In Affordable Care Act Implementation Frequently Asked Questions (FAQs Part XXI), the U.S. Department of Labor (the “DOL”) provides guidance on reference pricing and the annual cost- sharing limit.
Background. Public Health Service (“PHS”) Act section 2707(b), as added by the Affordable Care Act, provides that a non-grandfathered group health plan must ensure that any annual cost-sharing imposed under the plan does not exceed the limitations provided for under section 1302(c)(1) of the Affordable Care Act. Section 1302(c)(1) limits an enrollee’s out-of-pocket costs. For plan years beginning in 2015, the annual limit on an individual’s maximum out-of-pocket (“MOOP”) costs in effect under Affordable Care Act section 1302(c)(1) is $6,600 for self-only coverage and $13,200 for coverage other than self-only coverage. The limit is adjusted for inflation for subsequent plan years.
Previous Guidance. Previous FAQs on MOOP clarified that if a plan includes a network of providers, the plan need not (but may if it wishes) count an individual’s out-of-pocket spending for out-of-network items and services toward the annual limit on cost-sharing.
The previous FAQs also addressed reference-based pricing in non-grandfathered large group insurance market and self-insured group health plans (“Affected Plans”). Reference pricing means that the Affected Plan pays a fixed amount for a particular procedure (for example, a knee replacement), which certain providers will accept as payment in full.
The FAQs further stated that, until guidance was issued and effective, the DOL (and the other agencies which enforce the Affordable Care Act) will not treat an Affected Plan as failing to comply with the MOOP requirements, merely because the plan treats providers that accept the reference amount as the only in-network providers, as long as the plan uses a reasonable method to ensure that it offers adequate access to quality providers. That is, so long as the proviso is met, the providers who accept reference pricing may be treated as in-network, so the annual cost-sharing limit will apply to their services (and the agreed upon fee mitigates the limit from the plan’s perspective). Consequently, any provider who does not accept the reference pricing is treated as out-of-network, and may (unless the plan chooses otherwise-not a likely event) provide services without any cost-sharing limit.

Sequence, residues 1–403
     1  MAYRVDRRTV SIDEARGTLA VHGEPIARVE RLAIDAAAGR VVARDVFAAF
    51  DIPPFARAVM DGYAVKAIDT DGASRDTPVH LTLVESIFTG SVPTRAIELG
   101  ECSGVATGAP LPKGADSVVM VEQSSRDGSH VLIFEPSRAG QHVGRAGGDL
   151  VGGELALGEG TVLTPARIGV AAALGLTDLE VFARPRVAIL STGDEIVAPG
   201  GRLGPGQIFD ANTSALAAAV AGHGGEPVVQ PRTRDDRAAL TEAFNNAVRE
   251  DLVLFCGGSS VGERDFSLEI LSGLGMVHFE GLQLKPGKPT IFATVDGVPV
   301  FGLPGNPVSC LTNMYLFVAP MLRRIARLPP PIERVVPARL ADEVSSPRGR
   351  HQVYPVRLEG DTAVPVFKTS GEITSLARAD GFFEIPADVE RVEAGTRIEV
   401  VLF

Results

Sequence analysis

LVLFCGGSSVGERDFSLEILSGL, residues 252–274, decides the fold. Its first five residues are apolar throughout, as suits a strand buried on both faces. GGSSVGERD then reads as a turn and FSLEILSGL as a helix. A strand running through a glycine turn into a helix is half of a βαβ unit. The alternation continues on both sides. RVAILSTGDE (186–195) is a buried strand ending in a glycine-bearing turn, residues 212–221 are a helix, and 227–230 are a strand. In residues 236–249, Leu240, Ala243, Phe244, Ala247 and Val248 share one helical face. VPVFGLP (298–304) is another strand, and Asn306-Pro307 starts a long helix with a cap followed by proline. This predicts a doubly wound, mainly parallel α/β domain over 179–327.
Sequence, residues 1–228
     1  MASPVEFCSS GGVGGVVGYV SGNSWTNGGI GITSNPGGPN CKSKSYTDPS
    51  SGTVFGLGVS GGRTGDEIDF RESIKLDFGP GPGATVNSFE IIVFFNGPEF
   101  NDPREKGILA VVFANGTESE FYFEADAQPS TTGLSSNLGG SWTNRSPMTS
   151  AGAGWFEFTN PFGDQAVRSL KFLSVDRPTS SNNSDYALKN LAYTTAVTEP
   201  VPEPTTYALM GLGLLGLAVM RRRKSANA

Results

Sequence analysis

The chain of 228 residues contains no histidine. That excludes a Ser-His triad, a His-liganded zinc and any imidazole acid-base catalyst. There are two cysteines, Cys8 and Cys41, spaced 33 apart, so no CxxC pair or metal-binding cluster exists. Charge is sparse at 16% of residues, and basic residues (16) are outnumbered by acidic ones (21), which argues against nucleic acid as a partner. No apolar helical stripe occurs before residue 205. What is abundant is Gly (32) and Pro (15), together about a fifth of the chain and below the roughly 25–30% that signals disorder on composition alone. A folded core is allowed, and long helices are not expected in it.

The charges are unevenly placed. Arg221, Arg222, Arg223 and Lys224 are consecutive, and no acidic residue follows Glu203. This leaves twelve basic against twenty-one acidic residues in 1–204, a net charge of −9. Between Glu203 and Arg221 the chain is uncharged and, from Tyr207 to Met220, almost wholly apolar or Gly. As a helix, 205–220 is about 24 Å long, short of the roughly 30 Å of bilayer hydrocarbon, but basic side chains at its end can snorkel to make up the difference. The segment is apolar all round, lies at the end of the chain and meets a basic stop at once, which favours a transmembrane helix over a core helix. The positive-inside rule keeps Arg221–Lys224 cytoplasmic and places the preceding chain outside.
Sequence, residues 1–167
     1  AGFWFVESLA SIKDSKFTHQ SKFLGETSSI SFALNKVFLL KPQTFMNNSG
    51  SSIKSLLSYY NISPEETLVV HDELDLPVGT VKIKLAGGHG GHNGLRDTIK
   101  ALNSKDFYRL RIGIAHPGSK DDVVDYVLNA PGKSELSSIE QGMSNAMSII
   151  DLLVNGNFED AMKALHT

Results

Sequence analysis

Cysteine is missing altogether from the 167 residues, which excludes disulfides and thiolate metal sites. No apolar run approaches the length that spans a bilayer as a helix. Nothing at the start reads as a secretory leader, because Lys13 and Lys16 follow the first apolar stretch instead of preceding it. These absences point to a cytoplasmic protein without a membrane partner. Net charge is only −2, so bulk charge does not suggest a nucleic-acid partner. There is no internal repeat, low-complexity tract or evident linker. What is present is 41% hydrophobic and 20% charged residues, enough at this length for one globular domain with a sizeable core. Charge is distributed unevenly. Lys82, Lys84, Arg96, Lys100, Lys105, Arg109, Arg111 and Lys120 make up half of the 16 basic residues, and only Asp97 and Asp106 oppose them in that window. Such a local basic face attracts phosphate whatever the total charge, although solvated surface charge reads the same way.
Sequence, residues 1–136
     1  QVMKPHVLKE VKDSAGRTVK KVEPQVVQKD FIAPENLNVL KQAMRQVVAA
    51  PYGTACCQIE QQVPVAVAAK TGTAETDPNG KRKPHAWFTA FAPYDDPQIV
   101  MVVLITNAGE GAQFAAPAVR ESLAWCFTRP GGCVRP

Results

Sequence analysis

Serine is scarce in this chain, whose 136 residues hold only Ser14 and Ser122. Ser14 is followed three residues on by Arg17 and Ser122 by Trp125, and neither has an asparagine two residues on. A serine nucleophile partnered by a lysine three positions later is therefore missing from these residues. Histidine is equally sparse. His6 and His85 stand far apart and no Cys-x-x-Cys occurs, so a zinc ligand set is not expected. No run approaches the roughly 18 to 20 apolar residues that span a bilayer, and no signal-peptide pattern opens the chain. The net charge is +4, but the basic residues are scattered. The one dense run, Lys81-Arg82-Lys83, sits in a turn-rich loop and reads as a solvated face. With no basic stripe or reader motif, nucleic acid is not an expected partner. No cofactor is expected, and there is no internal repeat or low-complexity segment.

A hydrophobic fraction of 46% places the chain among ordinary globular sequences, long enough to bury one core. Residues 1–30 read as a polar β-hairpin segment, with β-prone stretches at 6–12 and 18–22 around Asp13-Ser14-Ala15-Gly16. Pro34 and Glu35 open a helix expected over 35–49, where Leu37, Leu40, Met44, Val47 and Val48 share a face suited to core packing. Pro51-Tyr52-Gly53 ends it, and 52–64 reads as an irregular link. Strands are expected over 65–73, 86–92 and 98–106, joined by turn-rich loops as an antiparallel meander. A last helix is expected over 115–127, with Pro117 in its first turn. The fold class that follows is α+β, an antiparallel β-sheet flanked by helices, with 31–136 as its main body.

The Concern And This FAQ. Will the foregoing rule on establishing the in-network fail to provide adequate access to quality providers? This FAQ says the following on this concern:
Pending issuance of future guidance, for purposes of enforcing the requirements in PHS Act section 2707(b), the DOL (and the other agencies which enforce the Affordable Care Act) will consider all the facts and circumstances when evaluating whether a plan’s reference-based pricing design (or similar network design) that treats providers that accept the reference-based price as the only in-network providers, and excludes or limits cost-sharing for services rendered by other providers, is using a reasonable method to ensure adequate access to quality providers at the reference price, including:
1. Type of service. Plans should have standards to ensure that the network is designed to enable the plan to offer benefits for services from high-quality providers at reduced costs, and does not function as a subterfuge for otherwise prohibited limitations on coverage. For this purpose:
a. In general, reference-based pricing that treats providers that accept the reference amount as the only in-network providers should apply only to those services for which the period between identification of the need for care and provision of the care is long enough for consumers to make an informed choice of provider.
b. Limiting or excluding cost-sharing from counting toward the MOOP with respect to providers who do not accept the reference-based price would not be considered reasonable with respect to emergency services. Furthermore, any provision in an Affected Plan that involves a more restrictive network cannot be applied to emergency services pursuant to PHS Act section 2719A (incorporated by reference into ERISA section 715 and Code section 9815) and its implementing regulations.
2. Reasonable access and quality. Plans should have procedures to ensure that an adequate number of providers that accept the reference price are available to participants and beneficiaries and meet reasonable quality standards.
3. Exceptions process. Plans should have an easily accessible exceptions process, allowing services rendered by providers that do not accept the reference price to be treated as if the services were provided by a provider that accepts the reference price if:
a. Access to a provider that accepts the reference price is unavailable (for example, the service cannot be obtained within a reasonable wait time or travel distance).
b. The quality of services with respect to a particular individual could be compromised with the reference price provider (for example, if co-morbidities present complications or patient safety issues).
4. Disclosure. Plans should provide the following disclosures regarding reference-based pricing (or similar network design) to plan participants free of charge.
a. Automatically. Plans should provide information automatically (e.g., in the SPD) regarding the pricing structure, including a list of services to which the pricing structure applies and the exceptions process.
b. Upon Request. Plans should provide upon request:
i. A list of providers that will accept the reference price for each service;
ii. A list of providers that will accept a negotiated price above the reference price for each service; and iii. Information on the process and underlying data used to ensure that an adequate number of providers accepting the reference price meet reasonable quality standards.